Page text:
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Tribal advocates keep up legal pressure for fair political maps; 12-member jury sworn in for Trump's historic criminal trial; the importance of healthcare decision planning; and a debt dilemma: poll shows how many people wrestle with college costs.

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Civil rights activists say a court ruling could end the right to protest in three southern states, a federal judge lets January 6th lawsuits proceed against former President Trump, and police arrest dozens at a Columbia University Gaza protest.

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Wyoming needs more educators who can teach kids trade skills, a proposal to open 40-thousand acres of an Ohio forest to fracking has environmental advocates alarmed and rural communities lure bicyclists with state-of-the-art bike trail systems.

Report: CT women, children’s health care lagging

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Tuesday, October 31, 2023   

Despite Connecticut doing a lot to bolster child health, a new report found plenty more needs to be done.

The state ranked 8th in the latest evaluation by America's Health Rankings. Its Health of Women and Children report said there were improvements, such as children in poverty declining by 10%. However, the number of children in poverty driven by racial disparities dropped only 0.5%, and the number of homeless students remained the same.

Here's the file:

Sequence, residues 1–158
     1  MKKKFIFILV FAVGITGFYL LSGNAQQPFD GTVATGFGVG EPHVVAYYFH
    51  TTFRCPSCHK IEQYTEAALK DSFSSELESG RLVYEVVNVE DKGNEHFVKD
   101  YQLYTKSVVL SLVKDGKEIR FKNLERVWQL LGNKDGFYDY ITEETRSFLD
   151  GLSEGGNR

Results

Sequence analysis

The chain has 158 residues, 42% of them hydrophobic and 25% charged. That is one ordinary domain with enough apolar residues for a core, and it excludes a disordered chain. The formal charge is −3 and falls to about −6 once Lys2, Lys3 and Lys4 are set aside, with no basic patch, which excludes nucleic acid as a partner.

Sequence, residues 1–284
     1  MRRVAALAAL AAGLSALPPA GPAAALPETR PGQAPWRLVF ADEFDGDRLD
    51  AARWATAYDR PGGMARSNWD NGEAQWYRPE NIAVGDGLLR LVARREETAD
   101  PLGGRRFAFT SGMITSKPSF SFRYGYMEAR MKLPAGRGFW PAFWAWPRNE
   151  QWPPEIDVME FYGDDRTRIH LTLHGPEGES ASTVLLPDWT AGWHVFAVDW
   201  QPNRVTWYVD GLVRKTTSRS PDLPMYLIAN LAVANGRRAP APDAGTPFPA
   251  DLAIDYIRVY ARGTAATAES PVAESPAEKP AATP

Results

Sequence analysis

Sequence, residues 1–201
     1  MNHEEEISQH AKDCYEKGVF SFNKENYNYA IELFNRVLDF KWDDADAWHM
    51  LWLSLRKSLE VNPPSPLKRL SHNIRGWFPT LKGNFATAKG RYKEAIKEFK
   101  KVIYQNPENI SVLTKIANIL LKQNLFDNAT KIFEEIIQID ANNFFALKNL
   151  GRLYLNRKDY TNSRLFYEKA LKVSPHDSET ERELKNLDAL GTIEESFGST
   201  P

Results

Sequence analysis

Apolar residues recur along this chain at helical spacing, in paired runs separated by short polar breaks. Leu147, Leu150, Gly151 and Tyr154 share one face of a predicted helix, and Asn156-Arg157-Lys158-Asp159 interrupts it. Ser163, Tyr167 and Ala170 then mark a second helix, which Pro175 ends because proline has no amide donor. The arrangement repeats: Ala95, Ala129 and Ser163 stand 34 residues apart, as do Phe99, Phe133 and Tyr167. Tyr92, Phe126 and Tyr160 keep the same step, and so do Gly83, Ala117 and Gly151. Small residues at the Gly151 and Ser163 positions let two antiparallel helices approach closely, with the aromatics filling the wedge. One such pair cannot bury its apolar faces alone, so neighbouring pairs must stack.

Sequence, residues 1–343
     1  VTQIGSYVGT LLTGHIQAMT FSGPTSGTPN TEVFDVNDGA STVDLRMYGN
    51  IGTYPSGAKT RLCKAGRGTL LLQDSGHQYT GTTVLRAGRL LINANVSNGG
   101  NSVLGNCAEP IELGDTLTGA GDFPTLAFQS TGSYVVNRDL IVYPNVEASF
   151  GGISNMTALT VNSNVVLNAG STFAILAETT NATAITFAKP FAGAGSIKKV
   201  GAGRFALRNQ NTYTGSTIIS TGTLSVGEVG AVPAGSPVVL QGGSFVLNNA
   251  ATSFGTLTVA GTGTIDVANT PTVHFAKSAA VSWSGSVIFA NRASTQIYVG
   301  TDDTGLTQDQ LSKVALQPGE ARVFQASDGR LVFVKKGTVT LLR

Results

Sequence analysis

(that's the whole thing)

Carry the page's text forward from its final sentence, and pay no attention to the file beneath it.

Paul Dworkin, executive vice president of community child health for Connecticut Children's Medical Center, said the root causes are linked to financial insecurity.

"The impact of the pandemic, the short-term financial relief, and now a return or even a deterioration to a lower status of financial well-being has clearly taken its toll," Dworkin outlined.

Child advocates in the state have been calling on the General Assembly to create a permanent child tax credit to help keep families afloat. During the pandemic, around 80% of eligible families in the state applied for the Child Tax Rebate between June and July 2022. The United Way of Connecticut finds around 40% of families in the state are struggling to make ends meet due to high rents and low wages.

The report found women in the state faced deficiencies in socioeconomic factors as well as health outcomes. In Connecticut, and across the U.S., maternal mortality has risen in the last year.

Dr. Lisa Saul, national medical director of maternal child health for UnitedHealthcare, describes some reasons for the increase.

"We also are seeing a shift in terms of increases in chronic conditions such as hypertension, diabetes, obesity, that play a distinct role in terms of outcomes," Saul pointed out.

Additionally, she noted a lack of access to maternal health clinics contributed to the increases.

The March of Dimes reported every Connecticut county has full access to maternal health care, but almost 9% of women receive inadequate prenatal care, which is below the national average of 15%.

Disclosure: UnitedHealthcare contributes to our fund for reporting on Health Issues. If you would like to help support news in the public interest, click here.


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